A lot of absentee bids on items so there was more being sold than to the dealers and collectors in the room, but it struck me looking around that at 51 years old we had to be at least a decade younger than most everyone else there. I certainly hope that the absentee bidders were the younger collectors and dealers that just could not get away on a week day, cause we sure were a geriatric lot in the auction room.

Friday, April 4, 2008

A little ramble on writing...

One of my oldest friends is a natural born storyteller, she is funny, sometimes biting but always entertaining. It seems to me that for her writing is as effortless as breathing, and as someone who has to write 3 drafts to get one coherent, semi-grammatical paragraph, I admit to being pea green with envy.

I think that good writing is a lot like good singing; with some training and and a lot of practice you can learn to carry a tune, but very few people are born with a tuned ear and a true voice. So I practice, practice, practice....

Thursday, April 3, 2008

A little bit of perspective

It's more than a little humbling to google your own name and not come up until the 11th page. Especially since I've been online since 1996...

Friday, February 22, 2008

Another Image of Childhood- 1960's

A Happy Nursery Book PLAY, story and pictures by Virginia Parsons. NY: Doubleday and Co. 1963.

I dare you to look at this cover and not smile!

Sunday, February 17, 2008

Auction Price Realized- Harold's Trip to the Sky Crockett Johnson

I usually don't report on Ebay auctions but the auction of a possible first of one of the Purple Crayon books by Crockett Johnson fetched a most reportable $565.

Friday, February 15, 2008

Dust jacket Art- Images from Childhood 1960's

Some examples of 3 color illustrated dj art from the 1960's taken from books in my inventory.

THE GALLOPING GOAT AND OTHER STORIES by Phyllis Reynolds Naylor. Illustrated by Robert L. Jefferson. NY: Abingdon, 1965.

MYSTERY ON A MINUS TIDE by Marg Nelson. Jacket design by Catherine Smolich. NY: Farrar, Straus & Co, 1964.

A PLACE BY THE FIRE by William MacKellar. Illustrated by Ursula Koering. NY: David McKay, 1966.

Sunday, February 10, 2008

Dust jacket Art 1960's Juvenile Sports Books

Well, one of the advantages of spending most of your time uploading pictures of inventory is you get to see some neat books. Here are a few images of some juvenile sports books from the sixties that we currently have in stock.

Stepladder Steve Plays Basketball by C. Paul Jackson. Illustrated by Frank Kramer. NY Hastings House 1969.

Last Summer To Ride by Patricia Leitch. NY: Funk & Wagnalls, 1965. (First published in the U.K. in 1963 as: Janet, Young Rider.)

The Comeback Guy by C.H. Frick. NY: Harcourt, Brace & World, 1961.

Friday, February 8, 2008

I'd really rather be reading....

We've finally started the slow and tedious process of uploading images of our online listings. The process is slow because it is hard even with help to find the time take the blasted pictures and tedious because we are not only uploading them to our own store at windyhillbooks but are also sending them to a couple of the large book database sites.

I know we are late to the game getting pictures of our books online, but with over 12,000 books it was daunting even thinking about getting started. We finally started uploading on Feb 1st and have approximately 250 images to date, it will be interesting to see how long it is going to take to get this finished.

Tuesday, February 5, 2008

Pardon Me Have You Seen My Childhood?

A compendium:

"I remember a book I had when I was 4 or 5 or maybe 6

It was blue or green or maybe yellow

And had a picture of a duck or frog or puppy dog

The duck was lost but found his way home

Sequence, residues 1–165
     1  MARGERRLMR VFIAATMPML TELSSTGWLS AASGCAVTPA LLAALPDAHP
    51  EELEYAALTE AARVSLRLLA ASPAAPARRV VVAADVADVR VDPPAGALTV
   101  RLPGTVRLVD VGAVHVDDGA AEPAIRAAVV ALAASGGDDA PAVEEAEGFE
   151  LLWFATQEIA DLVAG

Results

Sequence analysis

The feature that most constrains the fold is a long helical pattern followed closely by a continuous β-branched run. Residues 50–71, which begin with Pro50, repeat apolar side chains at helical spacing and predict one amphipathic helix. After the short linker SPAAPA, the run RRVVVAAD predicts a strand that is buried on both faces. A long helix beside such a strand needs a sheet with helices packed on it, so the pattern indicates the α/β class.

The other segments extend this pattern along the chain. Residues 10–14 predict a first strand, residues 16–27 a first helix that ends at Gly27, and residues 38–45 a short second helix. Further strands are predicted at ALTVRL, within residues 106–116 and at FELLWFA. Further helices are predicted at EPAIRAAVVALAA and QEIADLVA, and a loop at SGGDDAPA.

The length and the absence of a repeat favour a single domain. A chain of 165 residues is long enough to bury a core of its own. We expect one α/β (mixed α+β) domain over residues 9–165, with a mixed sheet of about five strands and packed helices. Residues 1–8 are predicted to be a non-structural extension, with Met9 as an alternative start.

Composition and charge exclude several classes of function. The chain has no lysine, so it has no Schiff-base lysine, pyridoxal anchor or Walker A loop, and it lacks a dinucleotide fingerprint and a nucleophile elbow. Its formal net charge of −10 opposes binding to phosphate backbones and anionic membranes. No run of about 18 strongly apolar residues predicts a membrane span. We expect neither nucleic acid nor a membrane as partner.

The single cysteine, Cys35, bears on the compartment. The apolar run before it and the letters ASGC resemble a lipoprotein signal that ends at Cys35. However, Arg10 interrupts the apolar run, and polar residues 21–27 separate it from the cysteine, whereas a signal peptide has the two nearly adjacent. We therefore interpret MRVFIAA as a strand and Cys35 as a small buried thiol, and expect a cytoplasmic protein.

The frog was bad but her family loved her anyway

And the puppy was hardly ever afraid of the dark or being alone.

It’s gone now, lost when we moved

or in the basement flood of '78

or the garage sale the year I left for college...

That’s the book I want to buy, do you have it?"

More Images of Childhood- Juvenile Dustjacket Art 1940's - 1950's

After a few years dealing with children's books a dealer can usually date a book (at least by decade) by illustrator art alone. Here are a few examples of 1940's and 50's dj cover art from books in my inventory.

Trudy Terrill Eighth Grader by Bernice Bryant. Dj by Alice Carsey. Published by Bobbs-Merrill, 1946.

Old Charlie by Clyde Robert Bulla. Illustrated by Paul Galdone. Published by Crowell, 1957.

That Jud! by Elspeth Bragdon, illustrated by Georges Schrieber. Published by Viking, 1957.

Monday, January 21, 2008

2008 Coretta Scott King Award

Again from the ALA website:

The 2008 Coretta Scott King Award for juvenile title went to Christopher Paul Curtis's Elijah of Buxton which also was a Newbery Honor book.
And the award for picture book went to Ashley Bryan's Let it Shine.

I'm going to upload better images for these titles shortly....

Monday, January 14, 2008

2008 Printz Award for Young Adult

also from the ALA site:

2008 Award Winner

The White Darkness

The White Darkness, by Geraldine McCaughrean, published by HarperTempest, an imprint of HarperCollins has won the 2008 Michael L. Printz Award. The award announcement was made during the American Library Association (ALA) Midwinter Meeting in Philadelphia, January 11-16.

2008 Newbery and Caldecott Awards

From the ALA website:

2008 ALSC Literary and Related Award Winners

In order to post the winning information as expeditiously as possible, we are providing a straight list of 2008 ALSC award winners, including book title, author, and publisher. Additional information, including annotations and book cover images for each award-winning title, will be posted to the individual award pages as soon as possible.

John Newbery Medal

Good Masters! Sweet Ladies! Voices from a Medieval Village by Laura Amy Schlitz (Candlewick)

Newbery Honor Books

Elijah of Buxton by Christopher Paul Curtis (Scholastic/Scholastic Press)
The Wednesday Wars by Gary D. Schmidt (Clarion)
Feathers by Jacqueline Woodson (Putnam/GP Putnam's Sons)

Randolph Caldecott Medal

The Invention of Hugo Cabret by Brian Selznick (Scholastic)

Caldecott Honor Books

Henry's Freedom Box: A True Story from the Underground Railroad, illustrated by Kadir Nelson, written by Ellen Levine (Scholastic/Scholastic Press)
First the Egg by Laura Vaccaro Seeger (Roaring Brook/Neal Porter)
The Wall: Growing Up Behind the Iron Curtin by Peter Sís (Farrar/Frances Foster)
Knuffle Bunny Too: A Case of Mistaken Identity by Mo Willems (Hyperion)

Phooey, with the exception of Hugo Cabret and Knuffle Bunny Too, I was not aware of any of these titles, ususally my award radar is better than that!